"Fee-fi-fo-fum" is the first line of a historical quatrain (or sometimes couplet) famous for its use in the classic English fairy tale "Jack and the Beanstalk". The poem, as given in Joseph Jacobs' 1890 rendition, is as follows:

Illustration by Arthur Rackham in English Fairy Tales by Flora Annie Steel, 1918

I smell the bones of an Englishman,
Be he alive, or be he dead
I'll grind his bones
And get his dough.

Though the rhyme is tetrametric, it follows no consistent metrical foot; however, the lines correspond roughly to a monosyllabic tetrameter, a dactylic tetrameter, a trochaic tetrameter, and an iambic tetrameter respectively. The poem has historically made use of assonant half rhyme.

Origin edit

The rhyme appears in the 1596 pamphlet "Haue with You to Saffron-Walden" written by Thomas Nashe, who mentions that the rhyme was already old and its origins obscure:[2]

Fy, Fa and fum,
I smell the blood of an Englishman

In William Shakespeare's play King Lear (c. 1605),[2] in Act III, Scene IV, the character Edgar referring to the legend of Childe Rowland exclaims:

Fie, foh, and fum,
I smell the blood of a British man.[3]

The verse in King Lear makes use of the archaic word "fie", used to express disapproval.[4] This word is used repeatedly in Shakespeare's works: King Lear shouts, "Fie, fie, fie! pah, pah!", and in Antony and Cleopatra, Mark Antony exclaims, "O fie, fie, fie!"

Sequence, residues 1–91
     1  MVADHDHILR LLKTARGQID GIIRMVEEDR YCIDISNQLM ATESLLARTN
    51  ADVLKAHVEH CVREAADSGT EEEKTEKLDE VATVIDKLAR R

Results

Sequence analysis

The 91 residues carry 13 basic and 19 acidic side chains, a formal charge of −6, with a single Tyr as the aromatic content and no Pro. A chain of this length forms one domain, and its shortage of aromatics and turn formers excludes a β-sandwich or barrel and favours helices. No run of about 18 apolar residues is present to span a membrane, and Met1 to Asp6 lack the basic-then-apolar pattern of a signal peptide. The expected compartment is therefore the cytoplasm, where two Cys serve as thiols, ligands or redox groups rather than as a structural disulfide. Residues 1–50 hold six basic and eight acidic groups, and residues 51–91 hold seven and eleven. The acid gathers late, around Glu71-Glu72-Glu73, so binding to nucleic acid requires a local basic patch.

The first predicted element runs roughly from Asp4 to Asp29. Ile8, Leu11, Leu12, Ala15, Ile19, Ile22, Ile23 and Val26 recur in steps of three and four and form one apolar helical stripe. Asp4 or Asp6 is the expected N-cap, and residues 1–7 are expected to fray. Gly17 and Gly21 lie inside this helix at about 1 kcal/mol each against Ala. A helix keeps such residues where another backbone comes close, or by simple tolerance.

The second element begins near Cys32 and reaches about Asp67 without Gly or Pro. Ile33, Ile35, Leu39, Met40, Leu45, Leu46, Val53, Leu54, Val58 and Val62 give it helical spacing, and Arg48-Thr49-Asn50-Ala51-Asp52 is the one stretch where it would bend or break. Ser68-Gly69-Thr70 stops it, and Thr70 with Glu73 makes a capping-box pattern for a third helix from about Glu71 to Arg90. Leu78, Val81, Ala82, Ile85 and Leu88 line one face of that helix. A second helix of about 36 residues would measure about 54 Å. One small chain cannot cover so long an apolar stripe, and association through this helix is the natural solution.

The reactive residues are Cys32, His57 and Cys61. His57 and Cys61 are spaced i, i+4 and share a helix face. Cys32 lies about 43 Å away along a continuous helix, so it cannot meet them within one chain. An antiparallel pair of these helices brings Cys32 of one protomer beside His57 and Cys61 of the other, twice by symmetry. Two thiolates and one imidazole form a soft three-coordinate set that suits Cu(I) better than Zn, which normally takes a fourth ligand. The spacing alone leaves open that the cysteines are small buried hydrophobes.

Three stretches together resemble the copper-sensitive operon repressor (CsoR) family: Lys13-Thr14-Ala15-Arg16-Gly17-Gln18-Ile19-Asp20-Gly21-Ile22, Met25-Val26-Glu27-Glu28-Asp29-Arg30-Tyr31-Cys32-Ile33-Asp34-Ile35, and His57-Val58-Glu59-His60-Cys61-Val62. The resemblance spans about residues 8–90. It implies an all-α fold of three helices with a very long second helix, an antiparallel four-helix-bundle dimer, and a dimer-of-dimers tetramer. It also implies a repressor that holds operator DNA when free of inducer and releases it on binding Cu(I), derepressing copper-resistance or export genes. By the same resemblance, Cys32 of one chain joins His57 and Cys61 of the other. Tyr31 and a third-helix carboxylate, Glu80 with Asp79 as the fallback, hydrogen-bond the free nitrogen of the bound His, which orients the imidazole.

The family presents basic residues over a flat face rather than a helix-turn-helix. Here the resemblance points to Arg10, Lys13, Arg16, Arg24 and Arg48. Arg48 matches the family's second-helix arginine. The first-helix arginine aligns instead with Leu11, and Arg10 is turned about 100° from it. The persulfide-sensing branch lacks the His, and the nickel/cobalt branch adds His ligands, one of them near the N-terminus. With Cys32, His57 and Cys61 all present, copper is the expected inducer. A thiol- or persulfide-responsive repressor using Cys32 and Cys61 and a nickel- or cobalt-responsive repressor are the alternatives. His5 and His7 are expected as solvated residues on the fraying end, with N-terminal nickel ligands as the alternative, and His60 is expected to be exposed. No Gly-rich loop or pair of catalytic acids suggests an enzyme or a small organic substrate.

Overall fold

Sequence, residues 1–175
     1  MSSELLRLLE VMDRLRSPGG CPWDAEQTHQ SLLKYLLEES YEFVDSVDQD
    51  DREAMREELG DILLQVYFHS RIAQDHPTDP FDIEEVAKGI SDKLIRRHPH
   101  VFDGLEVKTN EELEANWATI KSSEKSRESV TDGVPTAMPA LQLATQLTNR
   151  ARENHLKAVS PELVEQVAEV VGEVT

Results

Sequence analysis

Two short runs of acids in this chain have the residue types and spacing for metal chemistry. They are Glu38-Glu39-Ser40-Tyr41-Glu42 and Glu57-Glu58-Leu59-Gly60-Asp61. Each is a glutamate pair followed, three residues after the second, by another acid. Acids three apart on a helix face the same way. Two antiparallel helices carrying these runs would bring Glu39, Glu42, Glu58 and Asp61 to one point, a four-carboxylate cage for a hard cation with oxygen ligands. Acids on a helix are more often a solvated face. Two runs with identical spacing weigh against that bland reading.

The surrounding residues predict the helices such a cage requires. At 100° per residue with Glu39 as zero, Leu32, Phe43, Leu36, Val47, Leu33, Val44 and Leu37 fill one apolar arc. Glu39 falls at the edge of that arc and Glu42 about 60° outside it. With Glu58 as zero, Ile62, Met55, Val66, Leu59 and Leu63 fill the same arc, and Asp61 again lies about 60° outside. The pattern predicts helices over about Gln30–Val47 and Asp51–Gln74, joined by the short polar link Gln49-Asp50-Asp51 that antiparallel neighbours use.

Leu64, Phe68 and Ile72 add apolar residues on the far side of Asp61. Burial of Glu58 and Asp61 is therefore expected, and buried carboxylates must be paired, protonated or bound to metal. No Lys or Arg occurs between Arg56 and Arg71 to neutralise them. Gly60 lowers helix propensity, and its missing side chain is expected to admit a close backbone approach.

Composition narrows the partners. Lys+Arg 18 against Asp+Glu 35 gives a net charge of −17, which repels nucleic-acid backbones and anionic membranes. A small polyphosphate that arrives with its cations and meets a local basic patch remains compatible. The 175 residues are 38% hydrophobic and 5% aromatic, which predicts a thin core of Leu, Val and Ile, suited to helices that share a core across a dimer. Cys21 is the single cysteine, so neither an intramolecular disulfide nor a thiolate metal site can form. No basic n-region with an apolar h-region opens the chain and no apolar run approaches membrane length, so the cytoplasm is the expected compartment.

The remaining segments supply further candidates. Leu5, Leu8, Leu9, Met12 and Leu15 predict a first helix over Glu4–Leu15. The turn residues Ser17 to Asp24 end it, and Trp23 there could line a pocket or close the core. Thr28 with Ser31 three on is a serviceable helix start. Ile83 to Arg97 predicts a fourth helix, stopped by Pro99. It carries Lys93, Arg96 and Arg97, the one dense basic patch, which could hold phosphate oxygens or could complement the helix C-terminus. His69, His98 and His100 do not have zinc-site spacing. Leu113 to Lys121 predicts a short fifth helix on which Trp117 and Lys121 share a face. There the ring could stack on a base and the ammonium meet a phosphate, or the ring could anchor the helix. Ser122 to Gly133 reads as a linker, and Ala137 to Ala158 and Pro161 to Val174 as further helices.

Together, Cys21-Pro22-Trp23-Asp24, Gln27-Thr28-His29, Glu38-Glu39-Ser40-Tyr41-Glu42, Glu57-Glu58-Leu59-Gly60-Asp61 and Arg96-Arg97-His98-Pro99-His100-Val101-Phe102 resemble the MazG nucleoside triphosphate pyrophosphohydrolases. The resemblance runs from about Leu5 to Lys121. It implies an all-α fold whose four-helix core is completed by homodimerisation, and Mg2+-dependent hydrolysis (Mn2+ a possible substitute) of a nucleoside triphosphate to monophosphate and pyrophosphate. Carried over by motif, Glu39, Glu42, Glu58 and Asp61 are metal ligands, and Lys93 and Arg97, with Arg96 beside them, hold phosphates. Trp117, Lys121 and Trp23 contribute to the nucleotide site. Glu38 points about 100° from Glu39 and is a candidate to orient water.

The earliest known printed version of the Jack the Giant-Killer tale appears in The history of Jack and the Giants (Newcastle, 1711) and this,[2][5] and later versions (found in chapbooks), include renditions of the poem, recited by the giant Thunderdell:

Charles Mackay proposes in The Gaelic Etymology of the Languages of Western Europe that the seemingly meaningless string of syllables "Fa fe fi fo fum" is actually a coherent phrase of ancient Gaelic, and that the complete quatrain covertly expresses the Celts' cultural detestation of the invading Angles and Saxons:

  • Fa from faich (fa!) "behold!" or "see!"
  • Fe from Fiadh (fee-a) "food";
  • Fi from fiú "good to eat"
  • Fo from fogh (fó) "sufficient" and
  • Fum from feum "hunger".

Thus "Fa fe fi fo fum!" becomes "Behold food, good to eat, sufficient for my hunger!"[7]

See also edit

References edit

  1. ^ a b Tatar, Maria (2002). "Jack and the Beanstalk". The Annotated Classic Fairy Tales. New York: W. W. Norton & Co. pp. 131–144. ISBN 0-393-05163-3.
  2. ^ a b c McCarthy, William Bernard; Oxford, Cheryl; Sobol, Joseph Daniel, eds. (1994). Jack in Two Worlds: Contemporary North American Tales and Their Tellers (illustrated ed.). UNC Press Books. p. xv. ISBN 9780807844434.
  3. ^ Hudson, Henry Norman, ed. (1856). The Complete Works of William Shakespeare: Volume IX. Boston, MA: James Munroe & Company. p. 510.
  4. ^ "Fie". The American Heritage Dictionary of the English Language. The Houghton Mifflin Co. 2000. Archived from the original on 13 October 2008. Retrieved 13 November 2008.
  5. ^ "The Arthuriad" (PDF). p. 25 (PDF 26).
  6. ^ History of Jack the Giant Killer. Glasgow: Printed for the booksellers.
  7. ^ Mackay, Charles (1877). The Gaelic Etymology of the Languages of Western Europe: And More Especially of the English and Lowland Scotch, and Their Slang, Cant, and Colloquial Dialects. Trübner. p. 160. Retrieved 25 August 2015.